“It was something that haunted me, shamed me. And eventually it was something I came to understand.”

We helped create this stigma – we have to try to fix it.


tyler grimmTyler Grimm earned his MA and MFA in creative and professional writing from Wilkes University, where he was the 2012 recipient of the Norris Church Mailer Award. From 2012 to 2017 Tyler was an instructor of English at Elizabethtown College where he was nominated for the Engaging Educator Award in 2016 and the Richard Crocker Award for Outstanding Service to Students the previous four years. He is now on the faculty of the University of Delaware. Tyler also runs a writing and editing consultation company, servicing businesses, individuals, colleges, and organizations in Pennsylvania. His work has appeared in Paradigm, Fine Print, PANK, VOX, The Burg, Celebrate Gettysburg, and Hippocampus Magazine. He was a research assistant for USA Today. Now, Tyler is working on a new novel, a spec script, which has interest from indie production companies, and searching for homes for some of his short stories and essays. He lives in suburban Philadelphia.

[i] Andreason, N. (1987). Creativity and mental illness: Prevalence rates in writers and their first-degree relatives. American Journal of Psychiatry, 144, 1288-1292.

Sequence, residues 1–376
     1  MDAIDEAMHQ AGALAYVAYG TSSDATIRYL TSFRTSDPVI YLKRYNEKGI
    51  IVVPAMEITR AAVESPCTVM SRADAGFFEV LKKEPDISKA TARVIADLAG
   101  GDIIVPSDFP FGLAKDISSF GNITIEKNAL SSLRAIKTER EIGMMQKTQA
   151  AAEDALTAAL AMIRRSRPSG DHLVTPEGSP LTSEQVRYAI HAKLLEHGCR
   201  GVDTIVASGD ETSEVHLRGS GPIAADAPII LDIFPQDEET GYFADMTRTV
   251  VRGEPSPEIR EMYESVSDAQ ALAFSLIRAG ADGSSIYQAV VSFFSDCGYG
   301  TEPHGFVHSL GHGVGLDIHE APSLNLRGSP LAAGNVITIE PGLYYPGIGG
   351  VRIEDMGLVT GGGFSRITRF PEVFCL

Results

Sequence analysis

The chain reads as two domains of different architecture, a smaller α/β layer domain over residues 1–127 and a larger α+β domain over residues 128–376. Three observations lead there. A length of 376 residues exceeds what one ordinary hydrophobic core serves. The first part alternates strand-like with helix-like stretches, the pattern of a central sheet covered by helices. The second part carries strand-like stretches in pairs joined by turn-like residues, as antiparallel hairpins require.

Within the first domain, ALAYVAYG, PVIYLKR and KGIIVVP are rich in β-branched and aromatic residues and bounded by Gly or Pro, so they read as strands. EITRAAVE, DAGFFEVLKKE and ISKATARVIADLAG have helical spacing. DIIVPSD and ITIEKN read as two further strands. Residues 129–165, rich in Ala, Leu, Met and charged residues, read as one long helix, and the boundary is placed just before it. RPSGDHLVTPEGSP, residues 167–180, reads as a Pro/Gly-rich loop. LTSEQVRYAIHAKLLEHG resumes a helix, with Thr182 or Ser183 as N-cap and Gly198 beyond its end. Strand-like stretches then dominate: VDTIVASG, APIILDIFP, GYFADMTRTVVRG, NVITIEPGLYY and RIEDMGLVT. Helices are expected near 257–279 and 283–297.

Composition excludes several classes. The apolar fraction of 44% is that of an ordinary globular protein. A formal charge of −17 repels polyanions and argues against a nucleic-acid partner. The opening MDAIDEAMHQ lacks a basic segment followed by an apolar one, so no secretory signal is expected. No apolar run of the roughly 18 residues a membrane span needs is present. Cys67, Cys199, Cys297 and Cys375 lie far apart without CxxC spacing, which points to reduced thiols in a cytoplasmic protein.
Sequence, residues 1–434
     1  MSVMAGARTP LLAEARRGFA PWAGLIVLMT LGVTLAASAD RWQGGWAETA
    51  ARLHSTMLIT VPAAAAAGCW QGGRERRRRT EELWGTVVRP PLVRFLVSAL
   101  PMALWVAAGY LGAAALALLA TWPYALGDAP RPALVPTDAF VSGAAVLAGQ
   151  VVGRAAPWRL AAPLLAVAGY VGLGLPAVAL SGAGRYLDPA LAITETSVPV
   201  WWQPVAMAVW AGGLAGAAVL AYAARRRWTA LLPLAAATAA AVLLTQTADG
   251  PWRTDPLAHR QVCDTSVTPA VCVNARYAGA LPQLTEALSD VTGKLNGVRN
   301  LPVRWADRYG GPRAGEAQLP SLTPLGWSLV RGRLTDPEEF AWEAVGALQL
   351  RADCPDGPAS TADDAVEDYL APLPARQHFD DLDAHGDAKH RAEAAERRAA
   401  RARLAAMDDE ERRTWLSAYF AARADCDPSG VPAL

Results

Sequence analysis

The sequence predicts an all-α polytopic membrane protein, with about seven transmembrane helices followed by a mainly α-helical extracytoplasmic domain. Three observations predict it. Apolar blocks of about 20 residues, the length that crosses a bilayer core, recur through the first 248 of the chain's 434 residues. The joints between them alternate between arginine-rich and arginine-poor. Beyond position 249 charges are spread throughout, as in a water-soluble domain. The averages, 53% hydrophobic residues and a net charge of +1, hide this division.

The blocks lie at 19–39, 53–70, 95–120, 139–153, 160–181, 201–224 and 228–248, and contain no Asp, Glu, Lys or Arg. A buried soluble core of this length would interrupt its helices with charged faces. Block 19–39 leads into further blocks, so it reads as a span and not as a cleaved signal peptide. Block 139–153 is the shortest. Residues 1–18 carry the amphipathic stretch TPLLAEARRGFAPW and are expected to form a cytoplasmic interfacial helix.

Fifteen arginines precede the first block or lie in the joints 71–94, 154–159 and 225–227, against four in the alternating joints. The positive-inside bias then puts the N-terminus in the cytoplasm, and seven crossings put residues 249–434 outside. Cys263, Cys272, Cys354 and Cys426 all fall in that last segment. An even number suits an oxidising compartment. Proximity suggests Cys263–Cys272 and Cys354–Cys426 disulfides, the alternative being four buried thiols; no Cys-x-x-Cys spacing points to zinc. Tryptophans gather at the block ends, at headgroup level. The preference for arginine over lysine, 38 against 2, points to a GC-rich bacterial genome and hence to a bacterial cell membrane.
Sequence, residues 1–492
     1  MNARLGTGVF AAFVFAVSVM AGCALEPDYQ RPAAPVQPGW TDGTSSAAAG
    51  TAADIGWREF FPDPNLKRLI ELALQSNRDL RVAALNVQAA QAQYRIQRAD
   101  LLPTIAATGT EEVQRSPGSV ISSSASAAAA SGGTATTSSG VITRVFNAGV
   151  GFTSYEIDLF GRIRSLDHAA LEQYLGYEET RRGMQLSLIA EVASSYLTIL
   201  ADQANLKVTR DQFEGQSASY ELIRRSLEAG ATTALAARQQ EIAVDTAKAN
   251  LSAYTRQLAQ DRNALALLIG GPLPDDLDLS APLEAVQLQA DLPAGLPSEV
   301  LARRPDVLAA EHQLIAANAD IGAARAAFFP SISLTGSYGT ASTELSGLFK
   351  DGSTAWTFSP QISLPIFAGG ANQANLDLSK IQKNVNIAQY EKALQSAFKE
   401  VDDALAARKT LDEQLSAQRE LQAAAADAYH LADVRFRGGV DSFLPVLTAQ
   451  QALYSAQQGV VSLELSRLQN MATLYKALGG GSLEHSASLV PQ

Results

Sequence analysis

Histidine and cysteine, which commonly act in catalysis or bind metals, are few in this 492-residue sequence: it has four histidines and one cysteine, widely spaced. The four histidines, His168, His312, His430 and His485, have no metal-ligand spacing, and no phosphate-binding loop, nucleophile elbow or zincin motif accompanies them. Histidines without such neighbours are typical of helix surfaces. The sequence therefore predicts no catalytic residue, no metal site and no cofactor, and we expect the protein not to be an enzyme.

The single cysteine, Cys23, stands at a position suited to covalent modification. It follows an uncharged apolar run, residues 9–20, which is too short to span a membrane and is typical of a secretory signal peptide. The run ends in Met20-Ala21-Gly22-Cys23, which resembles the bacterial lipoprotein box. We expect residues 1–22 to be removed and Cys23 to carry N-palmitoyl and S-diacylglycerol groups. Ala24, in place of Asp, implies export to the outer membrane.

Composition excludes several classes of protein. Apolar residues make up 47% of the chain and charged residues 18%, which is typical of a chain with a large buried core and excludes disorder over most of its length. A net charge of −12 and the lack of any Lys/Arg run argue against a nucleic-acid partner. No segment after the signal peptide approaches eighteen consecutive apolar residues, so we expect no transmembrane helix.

[ii] Barron, F. (1995). No rootless flower: An ecology of creativity. Cresskill, NJ: Hampton Press.
[iii] Jamison, K. R. (1989). Mood disorders and patterns of creativity in British writers and artists. Psychiatry, 52, 125-134.
[iv] Jamison, K. R. (1993). Touched with fire: Manic-depressive illness and the artistic temperament. New York: Free Press.
[v] Lepore, S. J., Fernanadez-Berrocal, P., Ragan, J., & Ramos, N. (2004). It’s not that bad: social challenges to emotional disclosure enhance adjustment to stress. Anxiety, Stress & Coping: An International Journal, 17, 341-261.
[vi] Seagal, J. D., & Pennebaker, J. W. (1999, March). Writing and social stigma: Benefits from writing about being a group member. Presented at the annual meeting of the Society of Behavioral Medicine Conference, San Diego.